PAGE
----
- The Washington Times - Wednesday, July 12, 2006

ISTANBUL — “The new Silk Road,” “a vital East-West energy corridor,” “Europe’s second Rotterdam.”

There will be no shortage of plaudits when dignitaries from 50 countries meet on Turkey’s southern coast today to celebrate the official opening of the Baku (Azerbaijan)-Tbilisi (Georgia)-Ceyhan (Turkey) pipeline.

More than a decade and $4 billion in the making, the 1,100-mile Baku-Tbilisi-Ceyhan (BTC) pipeline will soon be pumping 1 million barrels per day of Caspian oil westward.

With Saudi Arabia’s daily exports reaching 9 million barrels per day, that may not seem much. But with prices soaring and energy supplies increasingly concentrated in the Persian Gulf and Russia, analysts say it brings the West vital diversity.

Eight more gas and oil pipelines are on the drawing board, and Turks see the pipeline as another selling point in Ankara’s campaign to shoehorn Turkey into a reluctant European Union.

Western Europe is intensely conscious of its dependence on Russia for gas since Gazprom, Russia’s state-controlled gas monopoly, cut supplies to Ukraine and other countries last winter, says Yalim Eralp, a retired Turkish diplomat.

“By offering an alternative energy corridor, Turkey can both help Europe and increase its own attractiveness in European capitals.”

But as heads of state gird themselves for what may be a stormy, energy-obsessed Group of Eight summit in Russia this weekend, analysts fear the BTC pipeline’s strategic value may be less than its proponents claim.

Russian pipelines will continue to carry the majority of Caspian oil to the West. And more importantly, Turkey itself has turned to Moscow for more and more of its energy needs and now purchases 65 percent of its natural gas from its northern neighbor.

The BTC pipeline was built with staunch U.S. support to “create an East-West hub independent of Russia, tying Central Asia to the West,” said Bulent Aliriza, a Turkey specialist at the Washington-based Center for Strategic and International Studies.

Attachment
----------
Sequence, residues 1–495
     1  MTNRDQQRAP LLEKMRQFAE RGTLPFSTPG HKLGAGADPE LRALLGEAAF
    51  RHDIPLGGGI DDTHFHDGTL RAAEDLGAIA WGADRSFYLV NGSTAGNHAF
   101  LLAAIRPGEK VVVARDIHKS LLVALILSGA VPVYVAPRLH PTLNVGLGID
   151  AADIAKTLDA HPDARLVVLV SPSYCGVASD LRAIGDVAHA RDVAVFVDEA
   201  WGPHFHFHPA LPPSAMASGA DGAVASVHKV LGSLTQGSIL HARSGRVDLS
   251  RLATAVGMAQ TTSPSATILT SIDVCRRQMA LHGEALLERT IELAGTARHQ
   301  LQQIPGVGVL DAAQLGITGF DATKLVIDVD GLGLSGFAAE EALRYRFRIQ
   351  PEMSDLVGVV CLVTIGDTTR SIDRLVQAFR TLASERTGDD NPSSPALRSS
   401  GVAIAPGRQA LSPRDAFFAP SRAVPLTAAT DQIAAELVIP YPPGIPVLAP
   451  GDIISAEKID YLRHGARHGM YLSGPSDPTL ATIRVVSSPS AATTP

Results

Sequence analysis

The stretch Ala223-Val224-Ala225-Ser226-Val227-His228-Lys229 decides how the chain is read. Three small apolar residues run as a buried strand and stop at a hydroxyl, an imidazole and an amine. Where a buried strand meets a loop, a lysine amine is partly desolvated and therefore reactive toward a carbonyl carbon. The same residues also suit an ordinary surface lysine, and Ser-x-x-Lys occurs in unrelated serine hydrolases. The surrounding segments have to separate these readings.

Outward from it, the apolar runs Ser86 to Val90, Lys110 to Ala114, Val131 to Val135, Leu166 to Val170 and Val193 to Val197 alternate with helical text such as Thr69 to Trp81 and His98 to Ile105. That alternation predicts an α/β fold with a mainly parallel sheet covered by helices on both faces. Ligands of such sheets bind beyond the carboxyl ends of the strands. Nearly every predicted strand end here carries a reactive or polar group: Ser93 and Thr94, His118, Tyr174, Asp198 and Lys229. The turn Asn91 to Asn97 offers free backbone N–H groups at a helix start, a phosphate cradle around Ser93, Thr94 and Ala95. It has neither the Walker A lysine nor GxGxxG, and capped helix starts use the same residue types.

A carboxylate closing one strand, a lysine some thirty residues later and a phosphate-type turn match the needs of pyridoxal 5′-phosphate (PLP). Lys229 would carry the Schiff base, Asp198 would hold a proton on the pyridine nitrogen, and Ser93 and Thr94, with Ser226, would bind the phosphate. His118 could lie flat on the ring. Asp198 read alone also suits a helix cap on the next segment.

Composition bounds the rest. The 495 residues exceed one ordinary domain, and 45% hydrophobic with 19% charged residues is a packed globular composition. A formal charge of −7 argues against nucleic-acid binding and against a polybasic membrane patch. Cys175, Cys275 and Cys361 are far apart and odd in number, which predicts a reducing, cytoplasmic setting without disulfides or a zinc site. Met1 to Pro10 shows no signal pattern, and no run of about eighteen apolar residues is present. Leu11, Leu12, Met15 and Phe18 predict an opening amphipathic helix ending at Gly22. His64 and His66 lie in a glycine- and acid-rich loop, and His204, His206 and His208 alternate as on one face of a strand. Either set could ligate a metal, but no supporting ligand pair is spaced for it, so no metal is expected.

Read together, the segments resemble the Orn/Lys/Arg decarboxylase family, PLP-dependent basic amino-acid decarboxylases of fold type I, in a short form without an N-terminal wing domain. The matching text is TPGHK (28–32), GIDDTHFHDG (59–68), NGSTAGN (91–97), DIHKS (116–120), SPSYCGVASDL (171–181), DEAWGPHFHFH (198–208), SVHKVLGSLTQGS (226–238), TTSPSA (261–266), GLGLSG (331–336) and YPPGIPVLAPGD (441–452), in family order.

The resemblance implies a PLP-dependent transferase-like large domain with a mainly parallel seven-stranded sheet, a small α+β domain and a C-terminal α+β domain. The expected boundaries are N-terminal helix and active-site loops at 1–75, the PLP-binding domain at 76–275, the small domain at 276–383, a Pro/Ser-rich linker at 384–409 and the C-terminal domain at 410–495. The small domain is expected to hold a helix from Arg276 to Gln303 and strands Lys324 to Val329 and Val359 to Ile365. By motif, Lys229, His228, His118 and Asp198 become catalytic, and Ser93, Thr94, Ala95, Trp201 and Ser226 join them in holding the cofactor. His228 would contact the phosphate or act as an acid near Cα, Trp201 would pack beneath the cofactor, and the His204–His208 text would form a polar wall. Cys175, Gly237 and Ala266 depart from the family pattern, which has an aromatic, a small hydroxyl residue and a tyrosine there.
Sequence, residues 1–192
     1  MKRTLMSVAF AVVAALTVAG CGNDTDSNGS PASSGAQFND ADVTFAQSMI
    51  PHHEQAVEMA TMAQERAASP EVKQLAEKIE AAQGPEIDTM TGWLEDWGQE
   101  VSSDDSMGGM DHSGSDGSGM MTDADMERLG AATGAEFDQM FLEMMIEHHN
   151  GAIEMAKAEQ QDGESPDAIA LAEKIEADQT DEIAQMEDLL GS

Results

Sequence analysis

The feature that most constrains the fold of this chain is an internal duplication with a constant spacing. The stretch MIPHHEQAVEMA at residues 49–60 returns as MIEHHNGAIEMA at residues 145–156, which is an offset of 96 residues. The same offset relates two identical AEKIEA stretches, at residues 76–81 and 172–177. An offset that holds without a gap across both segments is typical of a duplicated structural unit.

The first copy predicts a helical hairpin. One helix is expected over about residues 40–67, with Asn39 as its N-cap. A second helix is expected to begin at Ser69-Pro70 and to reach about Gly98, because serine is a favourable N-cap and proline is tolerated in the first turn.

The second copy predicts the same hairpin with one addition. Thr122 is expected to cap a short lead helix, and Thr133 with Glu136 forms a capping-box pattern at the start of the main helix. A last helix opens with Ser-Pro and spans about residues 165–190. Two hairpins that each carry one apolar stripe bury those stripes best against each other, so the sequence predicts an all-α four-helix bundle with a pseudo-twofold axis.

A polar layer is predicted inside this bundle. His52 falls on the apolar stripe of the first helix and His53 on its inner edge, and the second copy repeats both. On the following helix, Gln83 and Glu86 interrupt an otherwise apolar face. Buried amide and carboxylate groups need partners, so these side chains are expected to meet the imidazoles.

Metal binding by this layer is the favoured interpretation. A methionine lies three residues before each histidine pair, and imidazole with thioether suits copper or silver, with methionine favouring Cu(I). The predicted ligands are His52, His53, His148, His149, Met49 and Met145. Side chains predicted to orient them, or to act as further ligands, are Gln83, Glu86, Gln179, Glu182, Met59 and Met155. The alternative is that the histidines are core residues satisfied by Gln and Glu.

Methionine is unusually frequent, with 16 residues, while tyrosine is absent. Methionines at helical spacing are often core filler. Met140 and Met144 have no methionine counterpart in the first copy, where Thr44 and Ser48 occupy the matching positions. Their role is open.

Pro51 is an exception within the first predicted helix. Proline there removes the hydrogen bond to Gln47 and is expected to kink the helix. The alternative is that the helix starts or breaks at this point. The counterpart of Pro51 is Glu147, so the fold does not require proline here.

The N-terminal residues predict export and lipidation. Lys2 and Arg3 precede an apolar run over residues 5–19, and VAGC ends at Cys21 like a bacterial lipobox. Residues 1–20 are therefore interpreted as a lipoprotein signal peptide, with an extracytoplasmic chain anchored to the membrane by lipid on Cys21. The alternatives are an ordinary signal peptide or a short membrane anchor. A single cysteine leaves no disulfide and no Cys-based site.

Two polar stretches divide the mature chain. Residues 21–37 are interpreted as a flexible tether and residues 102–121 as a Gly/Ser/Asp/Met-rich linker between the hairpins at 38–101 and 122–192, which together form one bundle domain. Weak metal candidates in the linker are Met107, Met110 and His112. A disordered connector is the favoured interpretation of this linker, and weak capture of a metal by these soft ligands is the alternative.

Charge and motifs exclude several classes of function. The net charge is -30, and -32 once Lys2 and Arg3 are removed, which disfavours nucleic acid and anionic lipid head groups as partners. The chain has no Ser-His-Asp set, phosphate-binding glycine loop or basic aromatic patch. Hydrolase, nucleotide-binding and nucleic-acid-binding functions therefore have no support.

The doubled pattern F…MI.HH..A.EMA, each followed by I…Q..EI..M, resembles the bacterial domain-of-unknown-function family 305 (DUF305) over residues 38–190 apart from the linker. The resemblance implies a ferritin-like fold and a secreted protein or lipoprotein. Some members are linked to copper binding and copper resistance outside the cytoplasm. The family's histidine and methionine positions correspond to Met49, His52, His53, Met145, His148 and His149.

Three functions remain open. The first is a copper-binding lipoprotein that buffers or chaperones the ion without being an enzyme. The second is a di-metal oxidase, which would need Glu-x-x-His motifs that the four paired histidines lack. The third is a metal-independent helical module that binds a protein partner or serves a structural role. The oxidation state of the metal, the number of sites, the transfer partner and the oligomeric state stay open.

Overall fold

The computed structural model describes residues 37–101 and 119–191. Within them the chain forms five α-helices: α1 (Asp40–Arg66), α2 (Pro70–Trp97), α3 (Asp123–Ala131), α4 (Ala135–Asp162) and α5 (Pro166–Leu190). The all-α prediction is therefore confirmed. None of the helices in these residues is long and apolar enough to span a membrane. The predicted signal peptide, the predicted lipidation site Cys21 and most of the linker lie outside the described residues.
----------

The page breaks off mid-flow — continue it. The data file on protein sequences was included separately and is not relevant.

“Now that it has been built, the irony is that the hub country is more dependent on Russia than before.”

Ankara-based energy specialist Necdet Pamir said that dependence has left Turkey — a vital NATO ally against the former Soviet Union — vulnerable to political pressure from Moscow.

Russia has already tried to persuade Turkey to waive standard procedures on bidding for energy contracts it is interested in, he said. More significantly, Moscow is eager to see Turkey carry Russian gas to Central Europe through Nabucco, a 1,860-mile pipeline project the EU hopes will run from Azerbaijan to Austria by 2011.

Given that the purpose of Nabucco is to provide Europe with a Caspian alternative to Russian gas, some analysts see Moscow’s suggestion as tantamount to sabotage.

Zeyno Baran, a Caspian and Turkish specialist at the Hudson Institute in Washington, insists Turkey is not deliberately favoring Russia over the West, but worries that Ankara’s juggling act could eventually lead to political problems with Washington.

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